Perhaps even more remarkable that Trumpists’ overwrought sense of grievance is their utter unwillingness to explore or even acknowledge that they have been victimized by many of their ideological confrères. The Republican party has been practicing a never ending charade of bait and switch on their own voters for years. They tell them that reducing taxes will solve their financial difficulties when the truth — that tax reductions benefit the rich, not the poor — has long been glaringly obvious.

Republican policy has allowed economic inequality to grow. It has led to the wealth of the country becoming ever more concentrated in the hands of kleptocrats like Trump. It has led to the personal bankruptcies that destroy middle and lower class families in contrast to the business bankruptcies that allow failed businessmen like Trump to avoid the cost of their mistakes. It has led to the outsourcing of jobs that provide further benefits for Trump and his ilk. No matter.

5. Solidarity builds self image.

I’ve written repeatedly about the social dimension of anti-vax advocacy. Anti-vax is not about vaccines and it’s not about children. It’s about anti-vax parents and how they wish to see themselves. Social media allows anti-vaxxers to cocoon themselves within supportive communities where ignorance, gullibility and penchant for conspiracy theories are normalized.

Similarly, social media allows the alt-right to cocoon themselves within supportive communities where ignorance, gullibility and a penchant for conspiracy theories are also normalized.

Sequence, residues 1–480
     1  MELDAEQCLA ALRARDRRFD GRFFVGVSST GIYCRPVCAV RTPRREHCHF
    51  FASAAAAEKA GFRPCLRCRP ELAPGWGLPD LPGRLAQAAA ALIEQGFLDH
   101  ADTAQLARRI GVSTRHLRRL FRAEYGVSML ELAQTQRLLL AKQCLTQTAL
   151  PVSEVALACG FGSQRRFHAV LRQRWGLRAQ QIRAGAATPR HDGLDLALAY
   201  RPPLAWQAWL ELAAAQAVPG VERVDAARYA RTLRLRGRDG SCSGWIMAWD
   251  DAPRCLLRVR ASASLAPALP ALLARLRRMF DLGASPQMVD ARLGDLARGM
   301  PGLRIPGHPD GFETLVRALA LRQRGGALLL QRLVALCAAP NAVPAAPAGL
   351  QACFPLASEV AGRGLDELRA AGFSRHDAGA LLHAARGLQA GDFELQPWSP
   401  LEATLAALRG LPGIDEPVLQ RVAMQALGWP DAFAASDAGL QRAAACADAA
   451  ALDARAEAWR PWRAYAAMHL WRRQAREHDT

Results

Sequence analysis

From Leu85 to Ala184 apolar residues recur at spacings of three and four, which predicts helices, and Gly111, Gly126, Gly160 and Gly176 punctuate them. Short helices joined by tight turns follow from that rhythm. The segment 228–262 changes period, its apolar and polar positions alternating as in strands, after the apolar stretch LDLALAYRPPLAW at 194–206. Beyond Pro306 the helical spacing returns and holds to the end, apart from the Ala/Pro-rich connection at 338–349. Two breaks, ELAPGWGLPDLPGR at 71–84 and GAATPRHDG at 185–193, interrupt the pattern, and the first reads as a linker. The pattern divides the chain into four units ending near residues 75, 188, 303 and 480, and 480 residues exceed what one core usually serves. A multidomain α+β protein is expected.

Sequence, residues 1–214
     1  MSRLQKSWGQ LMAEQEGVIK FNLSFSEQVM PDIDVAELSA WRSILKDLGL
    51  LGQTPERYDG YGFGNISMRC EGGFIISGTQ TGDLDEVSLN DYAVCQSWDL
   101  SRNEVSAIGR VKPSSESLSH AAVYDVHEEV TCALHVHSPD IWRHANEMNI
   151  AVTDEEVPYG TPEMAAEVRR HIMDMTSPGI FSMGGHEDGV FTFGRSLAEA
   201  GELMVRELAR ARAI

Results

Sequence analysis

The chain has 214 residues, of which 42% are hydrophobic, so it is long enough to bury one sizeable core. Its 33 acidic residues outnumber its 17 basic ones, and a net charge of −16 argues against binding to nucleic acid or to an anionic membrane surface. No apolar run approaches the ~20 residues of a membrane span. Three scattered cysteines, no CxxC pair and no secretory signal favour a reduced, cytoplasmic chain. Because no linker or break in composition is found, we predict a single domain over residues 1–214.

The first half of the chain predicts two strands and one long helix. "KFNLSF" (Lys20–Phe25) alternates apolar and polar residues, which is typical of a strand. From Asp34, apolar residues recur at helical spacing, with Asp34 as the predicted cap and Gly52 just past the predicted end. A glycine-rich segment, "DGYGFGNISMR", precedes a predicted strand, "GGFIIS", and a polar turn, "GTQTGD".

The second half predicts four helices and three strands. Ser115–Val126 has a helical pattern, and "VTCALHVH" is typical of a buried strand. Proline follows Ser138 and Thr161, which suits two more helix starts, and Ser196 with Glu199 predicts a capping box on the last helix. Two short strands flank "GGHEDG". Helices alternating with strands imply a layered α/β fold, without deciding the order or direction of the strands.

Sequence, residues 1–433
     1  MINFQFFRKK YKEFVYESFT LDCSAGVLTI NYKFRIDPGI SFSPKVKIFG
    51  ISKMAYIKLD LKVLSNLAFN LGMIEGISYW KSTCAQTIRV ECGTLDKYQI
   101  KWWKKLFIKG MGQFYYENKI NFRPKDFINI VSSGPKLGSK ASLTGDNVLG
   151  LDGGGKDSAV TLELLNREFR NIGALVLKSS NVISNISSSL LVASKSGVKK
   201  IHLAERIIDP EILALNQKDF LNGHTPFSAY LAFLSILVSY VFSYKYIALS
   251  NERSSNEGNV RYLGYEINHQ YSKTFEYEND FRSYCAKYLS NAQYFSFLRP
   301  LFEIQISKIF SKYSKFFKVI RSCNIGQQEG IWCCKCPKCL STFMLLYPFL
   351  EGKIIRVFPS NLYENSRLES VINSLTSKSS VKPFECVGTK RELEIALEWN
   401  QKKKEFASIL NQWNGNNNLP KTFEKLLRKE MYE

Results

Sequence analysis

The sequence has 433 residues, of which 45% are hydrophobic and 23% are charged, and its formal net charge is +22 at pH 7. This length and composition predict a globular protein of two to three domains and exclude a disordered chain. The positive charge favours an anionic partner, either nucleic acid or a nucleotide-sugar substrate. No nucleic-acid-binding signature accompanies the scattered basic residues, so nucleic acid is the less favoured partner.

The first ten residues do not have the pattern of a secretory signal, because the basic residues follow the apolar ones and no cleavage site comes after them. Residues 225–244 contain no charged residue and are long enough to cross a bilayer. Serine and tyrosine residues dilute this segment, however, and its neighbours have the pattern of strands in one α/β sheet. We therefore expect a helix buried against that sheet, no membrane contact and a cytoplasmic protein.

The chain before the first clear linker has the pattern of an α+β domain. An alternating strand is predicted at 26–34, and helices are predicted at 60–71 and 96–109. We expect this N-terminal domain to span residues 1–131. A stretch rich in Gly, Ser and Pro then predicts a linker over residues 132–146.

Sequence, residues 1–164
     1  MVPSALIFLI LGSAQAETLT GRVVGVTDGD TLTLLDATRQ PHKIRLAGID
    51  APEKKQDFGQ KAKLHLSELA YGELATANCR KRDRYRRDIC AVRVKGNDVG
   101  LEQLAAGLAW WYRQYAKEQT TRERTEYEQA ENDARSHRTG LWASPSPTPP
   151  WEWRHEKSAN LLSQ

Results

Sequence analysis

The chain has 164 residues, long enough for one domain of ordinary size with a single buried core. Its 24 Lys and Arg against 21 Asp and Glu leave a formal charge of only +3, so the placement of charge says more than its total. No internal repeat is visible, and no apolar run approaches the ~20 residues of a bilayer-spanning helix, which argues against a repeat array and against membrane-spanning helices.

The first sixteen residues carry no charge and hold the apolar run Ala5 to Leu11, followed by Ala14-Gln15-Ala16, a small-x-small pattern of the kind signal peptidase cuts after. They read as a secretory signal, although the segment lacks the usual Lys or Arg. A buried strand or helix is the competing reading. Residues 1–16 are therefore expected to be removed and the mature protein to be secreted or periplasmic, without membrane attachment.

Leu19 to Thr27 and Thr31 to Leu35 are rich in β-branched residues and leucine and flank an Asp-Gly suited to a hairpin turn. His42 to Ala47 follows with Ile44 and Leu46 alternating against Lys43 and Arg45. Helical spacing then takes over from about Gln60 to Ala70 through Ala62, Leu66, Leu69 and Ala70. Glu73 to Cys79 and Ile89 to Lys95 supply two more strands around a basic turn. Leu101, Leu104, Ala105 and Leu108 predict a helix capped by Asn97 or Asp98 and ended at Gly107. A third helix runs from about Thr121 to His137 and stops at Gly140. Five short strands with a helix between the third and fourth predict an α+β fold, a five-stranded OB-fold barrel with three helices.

In both anti-vax and the alt-right, social media communities provides a platform from which to lash out at the “enemy” and be cheered for doing so, no matter how ugly, vicious or factually wrong the attack. Just as Facebook emboldens anti-vaxxers, Twitter emboldens racists, misogynists, homophobes and anti-Semities. Social media empowers individual bigots to become verbal lynch mobs, doxxing, smearing and threatening.

The conclusion I draw from the similarity between anti-vaxxers and Trumpists is that defeating both will involve different tactics than might ordinarily be used:

Anti-vaxxers have demonstrated beyond doubt that they are fact resistant. Therefore, arguing facts with them is doomed to failure and may even reinforce their sense of grievance. Sadly, they seem to respond only to two things: personal pain and social humiliation.

The biggest blow to the anti-vax movement has been reality itself. Only the growing threat of vaccine preventable illness to the children of anti-vaxxers can shake their faith in lies and conspiracy theories. I fear that only serious harm to the economy, judicial system, standing of the US in the world, etc. can shake Trumpists from the fantasy world of grievance in which they live.

In the meantime, the best weapon we have available is social humiliation.

Both anti-vaxxers and Trumpists are desperate to see themselves as the good guys: smart, savvy, clear-eyed, and poised to save world from itself. We should make it clear to both groups, in all possible ways, that they are none of the above. In truth they are contemptible; their ignorance and prejudice should be fought continually and with every means at our disposal.